See No Evil issues a challenge to New Zealanders. The book begins by relating the little-known history of West Papua, but its focus is on the impact of New Zealand’s foreign policy on the indigenous Melanesian inhabitants. In the 1950s New Zealand supported self-determination for the former Dutch colony, but in 1962 opted to back Indonesia as it took over the territory. Delving deep into historical government archives, many of them obtained under the Official Information Act, this meticulously researched book uncovers the untold story of New Zealand’s unprincipled and often hypocritical diplomacy. The consequences of repressive Indonesian rule have been tragic for the West Papuan people, who are experiencing ‘slow genocide’. West Papua remains largely closed to foreign journalists, but its story is now beginning to be heard. A growing number of Pacific Island nations are calling for change, but so far New Zealand has opted for caution and collusion to preserve a ‘business as usual’ relationship with Indonesia.
See No Evil is a shocking account by one of New Zealand’s most respected authors on peace and Pacific issues, issuing a powerful call for a just and permanent solution – self-determination – for the people of West Papua.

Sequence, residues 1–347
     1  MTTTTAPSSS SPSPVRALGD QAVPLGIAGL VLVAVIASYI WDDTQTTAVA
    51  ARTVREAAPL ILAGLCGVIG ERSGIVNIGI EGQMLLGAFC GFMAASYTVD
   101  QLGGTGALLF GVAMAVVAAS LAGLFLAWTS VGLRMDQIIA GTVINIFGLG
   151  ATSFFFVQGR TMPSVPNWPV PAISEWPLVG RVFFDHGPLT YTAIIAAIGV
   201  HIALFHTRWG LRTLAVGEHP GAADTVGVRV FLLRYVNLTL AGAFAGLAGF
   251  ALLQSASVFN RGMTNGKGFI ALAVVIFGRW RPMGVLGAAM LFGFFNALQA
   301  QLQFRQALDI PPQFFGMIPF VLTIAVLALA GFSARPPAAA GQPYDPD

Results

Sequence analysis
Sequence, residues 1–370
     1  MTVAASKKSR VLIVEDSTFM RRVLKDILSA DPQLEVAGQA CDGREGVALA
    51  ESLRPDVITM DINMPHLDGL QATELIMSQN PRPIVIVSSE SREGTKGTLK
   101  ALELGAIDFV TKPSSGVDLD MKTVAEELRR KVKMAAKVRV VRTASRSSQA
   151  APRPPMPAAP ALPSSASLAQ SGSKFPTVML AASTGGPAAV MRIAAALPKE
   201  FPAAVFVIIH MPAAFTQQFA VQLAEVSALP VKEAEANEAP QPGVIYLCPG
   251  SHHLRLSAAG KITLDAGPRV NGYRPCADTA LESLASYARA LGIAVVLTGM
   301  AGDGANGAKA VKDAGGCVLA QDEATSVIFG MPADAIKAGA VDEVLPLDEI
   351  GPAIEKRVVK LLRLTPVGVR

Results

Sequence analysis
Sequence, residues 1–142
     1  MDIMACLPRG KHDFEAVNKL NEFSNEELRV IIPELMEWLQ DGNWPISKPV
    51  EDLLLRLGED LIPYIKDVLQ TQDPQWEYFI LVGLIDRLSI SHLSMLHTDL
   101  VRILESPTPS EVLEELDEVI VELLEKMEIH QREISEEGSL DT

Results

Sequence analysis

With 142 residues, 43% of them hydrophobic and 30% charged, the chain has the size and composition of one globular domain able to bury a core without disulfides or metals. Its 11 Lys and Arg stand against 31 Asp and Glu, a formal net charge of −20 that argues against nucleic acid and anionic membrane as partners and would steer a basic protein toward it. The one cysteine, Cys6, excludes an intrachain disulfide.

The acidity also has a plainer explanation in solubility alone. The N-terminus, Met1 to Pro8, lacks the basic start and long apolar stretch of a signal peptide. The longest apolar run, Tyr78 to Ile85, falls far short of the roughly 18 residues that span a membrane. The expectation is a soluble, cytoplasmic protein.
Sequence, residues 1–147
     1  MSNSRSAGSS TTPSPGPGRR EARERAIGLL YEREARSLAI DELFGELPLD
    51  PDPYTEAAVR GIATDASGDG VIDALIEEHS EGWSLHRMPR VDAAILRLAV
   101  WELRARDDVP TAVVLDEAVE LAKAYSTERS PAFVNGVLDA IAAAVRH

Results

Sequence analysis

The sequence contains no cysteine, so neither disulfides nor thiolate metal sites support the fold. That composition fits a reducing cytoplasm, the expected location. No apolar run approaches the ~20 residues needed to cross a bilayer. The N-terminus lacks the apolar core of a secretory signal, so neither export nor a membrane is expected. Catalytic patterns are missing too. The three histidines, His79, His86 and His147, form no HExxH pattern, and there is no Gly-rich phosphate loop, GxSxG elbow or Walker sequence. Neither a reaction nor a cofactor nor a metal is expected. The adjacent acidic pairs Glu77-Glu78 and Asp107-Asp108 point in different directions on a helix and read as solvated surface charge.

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Tex Morton
From Australian Yodeler to International Showman
Andrew K. Smith
University of Tennessee Press, 2023

Born in 1916 at the northern end of New Zealand’s South Island, the teenaged Robert William Lane became obsessed with the singing and expressive yodeling of country music’s Jimmie Rodgers. By the 1940s, his obsession and subsequent focus on his own guitar playing, singing, and yodeling led him to achieve musical stardom as Tex Morton, master showman and influential progenitor of Australian country music. Tex Morton: From Australian Yodeler to International Showman offers the first full-length biography of this country music phenomenon from down under.

“From the time he first left the security of his home and set out to discover the world, life was a continual journey for Tex Morton,” Smith writes in chapter 1. And it was: Beginning with Morton’s early life and chronicling his burgeoning career and ultimate stardom, Smith’s study showcases Morton’s multi-faceted creative endeavors over the years, from showman and sharpshooter to hypnotist and academic. His talents took him all over the world, from Australia and New Zealand and countries throughout Asia to the United States, Canada, and England. Smith’s carefully constructed narrative captures the nuance of a versatile yet driven, flawed yet talented figure who ultimately became both an influential country artist and an entertainer of international standing over the course of an almost fifty-year career.